07/21/2007, 22 14.916n; 146 44.227w
So last night we got after it. We gybed into every squall we could find and then looked for the next one. The squalls last anywhere from a few minutes to 15. The winds can pick-up dramatically and so can the rain. But we are on a mission to catch Tower and add to our lead on a few boats chasing us. Sleep was not possible for the crew as we ferociously drove the boat into the black hole.
This morning we find ourselves 2nd to Tower. They are a much better suited boat to the current conditions; high winds and big waves for surfing. Their boat likely surfs up to 20 mph or more while we hit a more stately 15. We are both headed for Diamond Head, they from the North, us from the South. Both of our tactical options are running out as we approach the finish. I's going to come down to; 1. Can we plot a smarter course through the channel to Diamond Head and 2. our boat handling will need to be better. It's going to get interesting the next few days, will brains and skill beat boat speed?
Last night our man Ty was drilled right in the ear by a flying fish. I'm not sure who was more surprised, Ty having been smacked hard or the fish for landing on the only thing that smelled worse than him.
Red Bull: Gone
No stimulants is a bad thing for this crew.
Beer: yeah right
Sleep situation: 1 hour last night (maybe) Accelerator pedal: fire walled
Arrival: Monday late
Post arrival: Kiss wife and kids, mai tai, mai tai, mai tai, kiss wife and put kids to bed, shower, brush teeth, kiss wife?
07/20/2007, 22 08.267n; 142 49.184w
All right let's get this out of the way first. We sailed extra distance yesterday and last night in an attempt to find more wind and better wind direction...bad idea, we are now in second as our nemesis "Tower" slipped by us last night. Dang it.
We are 825 miles from Hawaii and this thing is far from over. We are pushing ourselves and the boat as hard as possible and hope springs eternal.
Last night somebody found a bag of candy that Ty had squirreled away. Think 8 10-year old boys and a freshly burst pinata, I think you get the idea of how long that bag lasted.
As the sugar high faded, the Big Dipper rose in all of it's splendor suspended above us. I dreamed it was full of something...anything, other than Tang, the current drink of choice on Rancho Deluxe. We had a gorgeous weather night complete with stars, and moon but including a serious case of the wousdi's. Yes, that would be the newly invented word of the day. We were blasting along with the kite and spinnaker staysail and every 2 - 4 minutes a wave of unusual size and direction (wousdi) would clobber the boat sending us sideways to the right and rolling the boat just enough to roll me out of my 1 hour slumber and paste me to the wall.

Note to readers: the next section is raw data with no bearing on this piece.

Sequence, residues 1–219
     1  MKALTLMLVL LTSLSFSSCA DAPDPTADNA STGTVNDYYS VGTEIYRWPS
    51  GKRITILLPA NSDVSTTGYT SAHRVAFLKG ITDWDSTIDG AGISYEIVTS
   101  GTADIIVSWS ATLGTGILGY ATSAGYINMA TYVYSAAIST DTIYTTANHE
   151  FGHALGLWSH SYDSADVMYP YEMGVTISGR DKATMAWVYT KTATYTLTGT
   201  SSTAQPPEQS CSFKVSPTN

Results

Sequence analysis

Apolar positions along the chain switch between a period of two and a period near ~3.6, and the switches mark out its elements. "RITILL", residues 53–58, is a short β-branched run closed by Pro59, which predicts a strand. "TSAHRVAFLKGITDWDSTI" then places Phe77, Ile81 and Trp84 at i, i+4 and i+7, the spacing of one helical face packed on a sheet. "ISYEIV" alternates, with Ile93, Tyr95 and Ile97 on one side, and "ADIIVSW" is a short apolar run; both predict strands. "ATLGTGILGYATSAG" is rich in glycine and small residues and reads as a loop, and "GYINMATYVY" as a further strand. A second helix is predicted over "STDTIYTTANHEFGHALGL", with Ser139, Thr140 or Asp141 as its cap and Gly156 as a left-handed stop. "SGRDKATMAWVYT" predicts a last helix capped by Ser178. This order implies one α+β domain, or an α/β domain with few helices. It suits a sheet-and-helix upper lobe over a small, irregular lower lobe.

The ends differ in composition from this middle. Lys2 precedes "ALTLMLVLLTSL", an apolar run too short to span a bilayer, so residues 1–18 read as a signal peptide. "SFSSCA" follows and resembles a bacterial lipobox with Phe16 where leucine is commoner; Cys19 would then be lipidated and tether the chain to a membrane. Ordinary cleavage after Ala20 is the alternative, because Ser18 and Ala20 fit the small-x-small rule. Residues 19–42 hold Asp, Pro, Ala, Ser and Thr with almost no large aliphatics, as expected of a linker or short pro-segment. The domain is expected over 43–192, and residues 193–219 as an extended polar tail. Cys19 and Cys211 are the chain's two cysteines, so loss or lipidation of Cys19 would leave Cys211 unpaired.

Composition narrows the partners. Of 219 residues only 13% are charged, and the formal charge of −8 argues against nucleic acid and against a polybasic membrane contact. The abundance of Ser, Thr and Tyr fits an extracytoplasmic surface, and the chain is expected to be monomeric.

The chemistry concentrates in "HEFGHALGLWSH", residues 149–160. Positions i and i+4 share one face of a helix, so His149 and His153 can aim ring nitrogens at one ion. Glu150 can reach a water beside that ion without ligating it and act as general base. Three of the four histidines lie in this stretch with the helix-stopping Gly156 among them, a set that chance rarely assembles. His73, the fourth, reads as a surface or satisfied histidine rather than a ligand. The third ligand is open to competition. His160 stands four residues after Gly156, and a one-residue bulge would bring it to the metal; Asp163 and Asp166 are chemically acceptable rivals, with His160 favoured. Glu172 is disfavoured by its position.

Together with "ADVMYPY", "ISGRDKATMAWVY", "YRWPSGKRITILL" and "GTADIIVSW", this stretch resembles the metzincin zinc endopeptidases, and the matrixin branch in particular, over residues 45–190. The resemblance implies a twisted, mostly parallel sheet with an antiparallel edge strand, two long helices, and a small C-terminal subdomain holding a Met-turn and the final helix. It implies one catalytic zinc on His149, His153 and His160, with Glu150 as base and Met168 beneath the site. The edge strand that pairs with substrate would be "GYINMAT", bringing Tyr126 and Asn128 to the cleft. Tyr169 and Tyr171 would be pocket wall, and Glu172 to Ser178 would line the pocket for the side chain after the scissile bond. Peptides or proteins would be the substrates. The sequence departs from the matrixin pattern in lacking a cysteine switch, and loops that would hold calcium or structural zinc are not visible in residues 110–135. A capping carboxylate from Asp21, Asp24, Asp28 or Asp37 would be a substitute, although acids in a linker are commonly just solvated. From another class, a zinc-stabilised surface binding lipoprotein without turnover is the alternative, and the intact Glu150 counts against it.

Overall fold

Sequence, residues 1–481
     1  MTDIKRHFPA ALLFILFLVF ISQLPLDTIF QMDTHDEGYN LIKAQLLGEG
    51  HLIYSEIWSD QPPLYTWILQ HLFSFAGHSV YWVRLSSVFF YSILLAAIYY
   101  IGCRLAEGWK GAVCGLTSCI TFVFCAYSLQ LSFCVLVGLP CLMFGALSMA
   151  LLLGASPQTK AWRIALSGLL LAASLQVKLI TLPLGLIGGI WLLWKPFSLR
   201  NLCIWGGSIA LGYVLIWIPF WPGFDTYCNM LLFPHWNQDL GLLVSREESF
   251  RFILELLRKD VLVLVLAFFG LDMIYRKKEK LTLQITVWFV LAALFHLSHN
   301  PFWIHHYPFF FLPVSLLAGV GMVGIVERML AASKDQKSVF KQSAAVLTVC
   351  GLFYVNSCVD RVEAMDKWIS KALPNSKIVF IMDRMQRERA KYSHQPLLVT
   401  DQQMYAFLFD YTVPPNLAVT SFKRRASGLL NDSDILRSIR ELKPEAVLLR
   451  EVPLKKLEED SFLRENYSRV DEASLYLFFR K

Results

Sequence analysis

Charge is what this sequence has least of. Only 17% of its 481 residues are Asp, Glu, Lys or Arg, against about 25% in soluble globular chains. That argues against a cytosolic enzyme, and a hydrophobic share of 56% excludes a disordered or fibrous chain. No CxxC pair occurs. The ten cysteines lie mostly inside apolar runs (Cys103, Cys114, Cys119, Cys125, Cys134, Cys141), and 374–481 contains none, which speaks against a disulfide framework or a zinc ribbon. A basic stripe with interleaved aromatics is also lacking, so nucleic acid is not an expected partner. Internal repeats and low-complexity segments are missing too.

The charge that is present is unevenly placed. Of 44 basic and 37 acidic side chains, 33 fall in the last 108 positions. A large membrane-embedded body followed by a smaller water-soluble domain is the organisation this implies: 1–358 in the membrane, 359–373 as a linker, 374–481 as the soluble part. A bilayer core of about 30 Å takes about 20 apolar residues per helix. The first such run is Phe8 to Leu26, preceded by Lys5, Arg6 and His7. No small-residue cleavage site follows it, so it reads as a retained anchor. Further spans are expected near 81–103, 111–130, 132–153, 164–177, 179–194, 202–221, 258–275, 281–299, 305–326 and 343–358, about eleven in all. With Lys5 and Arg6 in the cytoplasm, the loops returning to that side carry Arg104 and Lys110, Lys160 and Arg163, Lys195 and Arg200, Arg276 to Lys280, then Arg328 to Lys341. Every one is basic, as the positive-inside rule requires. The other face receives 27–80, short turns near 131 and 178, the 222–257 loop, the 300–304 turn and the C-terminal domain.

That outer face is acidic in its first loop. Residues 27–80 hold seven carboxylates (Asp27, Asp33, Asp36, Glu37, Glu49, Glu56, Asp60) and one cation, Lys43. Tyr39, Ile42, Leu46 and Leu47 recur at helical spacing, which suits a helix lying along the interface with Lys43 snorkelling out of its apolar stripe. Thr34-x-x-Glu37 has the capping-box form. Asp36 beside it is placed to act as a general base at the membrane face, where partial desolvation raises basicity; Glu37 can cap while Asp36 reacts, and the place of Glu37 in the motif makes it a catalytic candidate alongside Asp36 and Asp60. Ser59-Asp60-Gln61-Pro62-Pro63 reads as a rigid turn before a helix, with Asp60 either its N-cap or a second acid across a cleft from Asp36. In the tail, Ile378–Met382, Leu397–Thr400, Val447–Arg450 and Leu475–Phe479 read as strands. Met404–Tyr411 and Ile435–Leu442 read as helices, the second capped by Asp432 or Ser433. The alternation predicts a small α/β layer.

We have just gybed and the wousdi's are now with us instead of against us! Ya just gotta love getting a little friendly wousdi.
As I now type this (I was called away for a pesky sail change oh by the way those things are a nuisance, somebody give me a pair of throttles), we are 800 miles from the barn & Mai Tai Madness, thinking/dreaming of a noon Monday arrival?
07/19/2007, 23 12.051n; 139 30.923w
We just had morning role call and yesterday's strategy and tactical call paid huge dividends. We went to being 6 miles behind the first place boat to 30 miles ahead! Let's just say that the next time Matt Davis say's, "hey guys I think we should turn left here," I seriously doubt anybody will argue with him.
Our strategy now is to gybe as often as needed to make the best velocity made good to Honolulu. Translated to English; we will stay between out man (other boats) and the basket (Waikiki Yacht Club Bar), cover any moves the other boats make and keep pushing as hard as we possibly can to make the boat go fast. The biggest issue here is that we are dangerously low on Red Bull, the rocket fuel of Team Rancho Deluxe.
On another front, our man Seadon lost the first title fight with a flying fish. He was driving last night into the black hole (can a guy get a freaking moon and less cloud cover?). Anyway, Seadon was just driving along when he was slapped upside the chest by a flying fish who then landed on the deck looking up at the crew as if to say "WHAT, I'm not dead yet, throw me back in the water so I can take another shot at you sissies." Andrew Lewis commented "I knew there was a fight going on when I heard a woman scream and discovered Seadon was the source."
Profession Sailing Slang of the day; Swag. Short wide angry guy. Think of any number of Greek commercial real estate brokers.
So we are off in search of surfing waves and trade winds, both of which are developing, once there we will hitch our wagon onto the Mai Tai Express, fasten our seat belts, put the tray table into the upright and locked position and ride it into Honolulu.